Aero: Continental Extends Diesel TBRs


After years of patient waiting, Continental Motors announced Wednesday at Aero what many diesel owners have been hoping for: significantly longer replacement cycles for its four-cylinder diesel engines. The new longer TBRs (time between replacement) extend to 2100 hours for both the CD-135 and CD-155 Continental diesels. Moreover, according to Continental CEO Rhett Ross, the engines also get longer gearbox intervals, doubling to 1200 hours from the 600 currently imposed. The new extended hours apply to new engines coming off the assembly line in Continental’s St. Egidien, Germany, factory, as well as replacements being sent to the field.

In addition to longer TBRs for the CD-100 series, Ross also announced that the company’s high-power diesel, the 310-HP V-6 CD-300, is proceeding through certification and will be production ready by early 2017. Although Ross hints at OEM interest, he wouldn’t reveal what companies are nibbling on a V-6 diesel. Ross did confirm that Cessna is now taking orders for its diesel-powered Skyhawk, the Cessna 172TD. Cessna actually announced its first diesel 172 in 2007, but narrowly avoided committing to it just as the then-Thielert Aircraft Engine company was headed for bankruptcy. It re-announced the project for the Skyhawk at AirVenture in 2014, but gave no firm commitments on delivery schedules. A 182 powered by the SMA SR305 four-cylinder diesel is still under consideration at Cessna, but the company won’t put a schedule on that project.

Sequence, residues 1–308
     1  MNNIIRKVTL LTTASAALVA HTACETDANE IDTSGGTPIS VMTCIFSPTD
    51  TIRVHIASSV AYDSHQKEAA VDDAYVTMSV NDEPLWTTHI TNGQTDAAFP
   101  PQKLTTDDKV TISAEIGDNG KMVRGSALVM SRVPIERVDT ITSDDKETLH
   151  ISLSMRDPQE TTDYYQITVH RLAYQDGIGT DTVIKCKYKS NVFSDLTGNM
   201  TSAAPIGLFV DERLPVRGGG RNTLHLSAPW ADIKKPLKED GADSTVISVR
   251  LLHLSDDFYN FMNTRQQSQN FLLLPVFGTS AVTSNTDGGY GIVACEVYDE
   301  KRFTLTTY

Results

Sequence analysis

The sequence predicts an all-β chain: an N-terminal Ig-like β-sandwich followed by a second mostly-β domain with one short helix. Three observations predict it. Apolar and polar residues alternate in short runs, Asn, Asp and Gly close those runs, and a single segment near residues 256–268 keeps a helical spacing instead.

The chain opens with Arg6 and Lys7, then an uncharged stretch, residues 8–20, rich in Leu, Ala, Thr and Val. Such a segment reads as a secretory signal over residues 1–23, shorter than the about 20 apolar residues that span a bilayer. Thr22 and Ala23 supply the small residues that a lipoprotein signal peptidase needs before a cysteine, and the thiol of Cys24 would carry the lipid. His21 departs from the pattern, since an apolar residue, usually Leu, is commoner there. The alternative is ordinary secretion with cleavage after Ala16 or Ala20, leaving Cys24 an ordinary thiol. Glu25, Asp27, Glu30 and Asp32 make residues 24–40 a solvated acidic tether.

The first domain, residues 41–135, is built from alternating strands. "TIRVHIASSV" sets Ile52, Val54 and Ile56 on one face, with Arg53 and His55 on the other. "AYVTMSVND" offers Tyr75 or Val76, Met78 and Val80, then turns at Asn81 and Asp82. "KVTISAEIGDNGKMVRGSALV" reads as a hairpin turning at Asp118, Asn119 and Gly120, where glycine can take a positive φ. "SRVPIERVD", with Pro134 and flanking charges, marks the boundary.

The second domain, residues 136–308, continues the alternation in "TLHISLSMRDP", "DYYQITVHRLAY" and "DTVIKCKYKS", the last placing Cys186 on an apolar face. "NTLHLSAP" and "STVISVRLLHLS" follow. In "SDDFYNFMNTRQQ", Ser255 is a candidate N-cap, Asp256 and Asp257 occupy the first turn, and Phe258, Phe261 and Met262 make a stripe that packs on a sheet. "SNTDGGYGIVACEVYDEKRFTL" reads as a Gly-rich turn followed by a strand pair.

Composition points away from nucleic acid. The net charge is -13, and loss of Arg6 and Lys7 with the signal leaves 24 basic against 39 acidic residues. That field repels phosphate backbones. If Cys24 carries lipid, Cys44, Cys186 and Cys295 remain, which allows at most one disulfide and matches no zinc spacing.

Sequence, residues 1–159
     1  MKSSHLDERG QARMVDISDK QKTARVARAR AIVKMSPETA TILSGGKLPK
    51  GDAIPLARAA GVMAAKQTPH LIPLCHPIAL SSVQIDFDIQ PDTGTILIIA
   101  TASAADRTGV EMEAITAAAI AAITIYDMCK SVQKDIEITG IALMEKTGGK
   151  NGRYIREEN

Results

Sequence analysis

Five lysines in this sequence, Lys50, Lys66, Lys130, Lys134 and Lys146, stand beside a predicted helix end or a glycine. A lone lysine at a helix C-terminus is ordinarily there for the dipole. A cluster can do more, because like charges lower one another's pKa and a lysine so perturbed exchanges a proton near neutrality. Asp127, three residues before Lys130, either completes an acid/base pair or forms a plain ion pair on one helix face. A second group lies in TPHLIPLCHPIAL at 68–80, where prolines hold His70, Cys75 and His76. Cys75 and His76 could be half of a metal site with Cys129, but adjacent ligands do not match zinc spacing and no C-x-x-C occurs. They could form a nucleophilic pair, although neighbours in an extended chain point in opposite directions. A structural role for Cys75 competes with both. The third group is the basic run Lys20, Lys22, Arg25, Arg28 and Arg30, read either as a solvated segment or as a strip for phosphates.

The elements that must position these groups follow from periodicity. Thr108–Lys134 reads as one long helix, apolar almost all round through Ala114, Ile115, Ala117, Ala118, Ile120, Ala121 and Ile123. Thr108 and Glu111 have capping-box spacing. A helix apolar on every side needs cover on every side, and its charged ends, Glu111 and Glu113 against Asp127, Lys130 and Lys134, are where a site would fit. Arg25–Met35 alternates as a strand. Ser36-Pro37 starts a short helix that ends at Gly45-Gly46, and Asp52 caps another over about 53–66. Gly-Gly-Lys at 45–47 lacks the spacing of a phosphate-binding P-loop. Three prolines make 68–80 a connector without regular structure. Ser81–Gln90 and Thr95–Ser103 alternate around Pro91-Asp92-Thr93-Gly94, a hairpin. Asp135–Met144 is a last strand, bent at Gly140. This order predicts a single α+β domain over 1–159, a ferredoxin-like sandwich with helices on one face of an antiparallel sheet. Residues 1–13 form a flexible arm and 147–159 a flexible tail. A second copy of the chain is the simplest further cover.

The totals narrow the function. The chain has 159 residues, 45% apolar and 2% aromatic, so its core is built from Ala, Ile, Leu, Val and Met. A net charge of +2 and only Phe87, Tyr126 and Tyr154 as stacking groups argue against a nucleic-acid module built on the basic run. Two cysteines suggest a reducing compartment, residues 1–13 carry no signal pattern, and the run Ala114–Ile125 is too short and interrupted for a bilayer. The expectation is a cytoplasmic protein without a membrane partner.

Ross said that the new extended replacement times make what were “unassailable” economics for low-cost operating even more impressive. “We continue to believe this validates our focus on diesel,” Ross said. You can hear a full podcast of AVweb’s interview with Ross here.

Ross also announced that it has entered a distribution arrangement with Aviall to provide parts distribution for its Continental and PMA parts. Diesel parts aren’t yet part of the Aviall deal, but Ross hopes they eventually will be.